Step 4 Use


To minimize or eliminate hazards in products and pollution and increase the use of life-friendly chemistry during the use stage of the product’s life cycle. To restore and preserve natural capital by preventing the generation of waste.


  • Use low hazard chemicals in materials and products
  • Use especially low hazard chemicals in applications where high exposure is likely to occur
  • Make products that are intended to last
  • Make products from materials that are readily recovered and recycled after use
  • Make sure that the user knows what to do with the product after use

Building a chemical inventory is an important step for knowing all of the chemicals in your product. This is the first step to understanding if the chemicals used support life-friendly chemistry, or if they are hazardous. See Resource 1 - Chemical Inventory for guidance and suggestions. The chemical inventory will help you answer guiding questions in multiple PrISM steps as well. While identifying all of the chemicals involved can feel like a daunting task, even small amounts of hazardous chemical ingredient additives or residuals from processing aids can impact the sustainability of the product. The more you know about what is in the material and what was used to create the material, the better you can identify areas for improvement. Gather as much information as possible now, and identify your data gaps where you are unsure of the chemicals used. Researching and filling in those data gaps is potentially an important action item, as is substituting out known hazardous chemicals.

Once you have built your chemical inventory, you can determine which chemicals are hazardous and may need to be substituted out. See Resource 2 - Chemical Hazard Assessment for guidance and suggestions on learning about the hazards of the chemicals in your inventory.


3D printing

3D printing or additive manufacturing is a technology that continues to advance rapidly. It is used in schools, a diversity of industries, and homes. One aspect of 3D printing that is unique at this time is that it moves elements of manufacturing from the factory to the home or shop. Decentralizing manufacturing makes it harder to oversee the use and generation of hazardous chemicals and makes the use of materials that are safe and benign even more imperative. When filament made from the plastic ABS is heated, melted and extruded in a 3D printer, it can create volatile compounds and nanoparticles that are harmful to human health. Corn based PLA filament is much safer than ABS when used as filament in additive manufacturing, but PLA can also produce harmful emissions if heated at a high enough temperature.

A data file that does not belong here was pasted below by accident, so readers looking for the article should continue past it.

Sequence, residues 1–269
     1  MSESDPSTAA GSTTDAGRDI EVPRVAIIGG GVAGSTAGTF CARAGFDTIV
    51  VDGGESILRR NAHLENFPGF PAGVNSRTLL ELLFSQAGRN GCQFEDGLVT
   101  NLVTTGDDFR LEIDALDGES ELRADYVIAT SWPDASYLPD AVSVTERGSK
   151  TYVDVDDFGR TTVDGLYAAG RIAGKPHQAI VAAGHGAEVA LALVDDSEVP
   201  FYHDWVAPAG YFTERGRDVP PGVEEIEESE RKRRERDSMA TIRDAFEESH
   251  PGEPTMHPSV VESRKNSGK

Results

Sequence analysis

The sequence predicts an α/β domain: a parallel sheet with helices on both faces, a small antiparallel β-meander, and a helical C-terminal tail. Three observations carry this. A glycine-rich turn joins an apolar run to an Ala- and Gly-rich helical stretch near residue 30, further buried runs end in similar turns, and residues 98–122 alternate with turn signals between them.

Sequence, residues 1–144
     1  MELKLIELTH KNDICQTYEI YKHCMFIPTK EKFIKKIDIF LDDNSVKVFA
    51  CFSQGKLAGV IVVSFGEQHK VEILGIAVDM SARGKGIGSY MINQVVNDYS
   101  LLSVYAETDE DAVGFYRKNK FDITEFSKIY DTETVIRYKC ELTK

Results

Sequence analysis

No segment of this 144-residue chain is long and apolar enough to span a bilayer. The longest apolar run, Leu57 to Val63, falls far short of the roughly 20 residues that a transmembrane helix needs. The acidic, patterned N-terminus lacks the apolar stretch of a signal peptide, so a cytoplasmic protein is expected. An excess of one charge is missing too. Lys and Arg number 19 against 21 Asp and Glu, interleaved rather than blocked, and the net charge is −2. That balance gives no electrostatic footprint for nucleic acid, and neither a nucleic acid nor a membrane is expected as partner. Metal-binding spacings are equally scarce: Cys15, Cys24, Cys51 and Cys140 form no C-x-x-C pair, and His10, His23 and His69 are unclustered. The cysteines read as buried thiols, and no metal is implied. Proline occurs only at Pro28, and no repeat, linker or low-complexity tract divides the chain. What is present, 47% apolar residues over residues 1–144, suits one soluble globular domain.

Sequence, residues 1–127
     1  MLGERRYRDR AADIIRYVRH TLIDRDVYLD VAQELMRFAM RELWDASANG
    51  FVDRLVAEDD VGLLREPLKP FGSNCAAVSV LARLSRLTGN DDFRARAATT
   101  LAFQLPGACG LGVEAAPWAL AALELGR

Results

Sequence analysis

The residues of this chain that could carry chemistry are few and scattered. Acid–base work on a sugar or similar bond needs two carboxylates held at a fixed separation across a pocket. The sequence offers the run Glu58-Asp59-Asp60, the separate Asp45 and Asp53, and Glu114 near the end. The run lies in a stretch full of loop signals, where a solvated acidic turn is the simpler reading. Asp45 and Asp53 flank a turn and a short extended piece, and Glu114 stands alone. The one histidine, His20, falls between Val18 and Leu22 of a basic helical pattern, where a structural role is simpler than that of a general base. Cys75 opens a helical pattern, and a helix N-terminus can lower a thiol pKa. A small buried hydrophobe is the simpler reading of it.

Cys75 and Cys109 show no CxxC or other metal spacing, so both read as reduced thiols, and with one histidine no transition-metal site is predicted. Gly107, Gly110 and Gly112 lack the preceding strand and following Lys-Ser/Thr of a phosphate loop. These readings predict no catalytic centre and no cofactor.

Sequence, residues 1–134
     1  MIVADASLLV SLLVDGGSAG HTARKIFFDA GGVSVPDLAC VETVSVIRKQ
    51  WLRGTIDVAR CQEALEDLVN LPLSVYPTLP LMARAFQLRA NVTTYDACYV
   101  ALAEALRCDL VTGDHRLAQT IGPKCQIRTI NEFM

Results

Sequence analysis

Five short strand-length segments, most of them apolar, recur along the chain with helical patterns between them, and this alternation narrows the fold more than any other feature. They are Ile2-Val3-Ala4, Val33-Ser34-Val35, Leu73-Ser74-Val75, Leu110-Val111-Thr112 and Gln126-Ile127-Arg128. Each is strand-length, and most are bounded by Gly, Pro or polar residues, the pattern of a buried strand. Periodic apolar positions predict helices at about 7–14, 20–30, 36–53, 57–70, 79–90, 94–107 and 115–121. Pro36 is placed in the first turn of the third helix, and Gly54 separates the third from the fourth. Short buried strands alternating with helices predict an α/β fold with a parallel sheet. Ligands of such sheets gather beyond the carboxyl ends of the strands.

Image of 3D printers and printing materials

Image of 3D printers and printing materials

Image source: NASA

Food take-out containers

Some fiber-based food take-out containers contain highly fluorinated organic chemical additives to prevent wet or oily food from leaking through the container. However, it’s nearly impossible to tell just by looking at a product, like the ones pictured below, whether or not they contain such chemicals. In the case of food packaging materials, toxic, extremely persistent, environmentally-harmful chemicals are of particular concern because they come in contact with our food. This is why it’s so critical to design products from the outset to be functional during use without the need for hazardous additives.

Different kinds of food packaging, including a pizza box, an egg carton, hot and cold take-away cups, plasticware, and a food take-out clamshell.

Image of different kinds of food packaging Hot and cold take-away cups, plasticware, and a food take-out clamshell

Image Source: City of Plymouth Minnesota

Which of these compostable items probably contains fluorinated additives? A chemical inventory must be completed in order to know. See Resource 1 - Chemistry Inventory for guidance and suggestions.

With regards to single-use food contact materials, the Center for Environmental Health tested plates, bowls, clamshells, and multi-compartment food trays for total fluorine content, which would indicate the use of highly fluorinated addititives, and the resulting report is available on-line.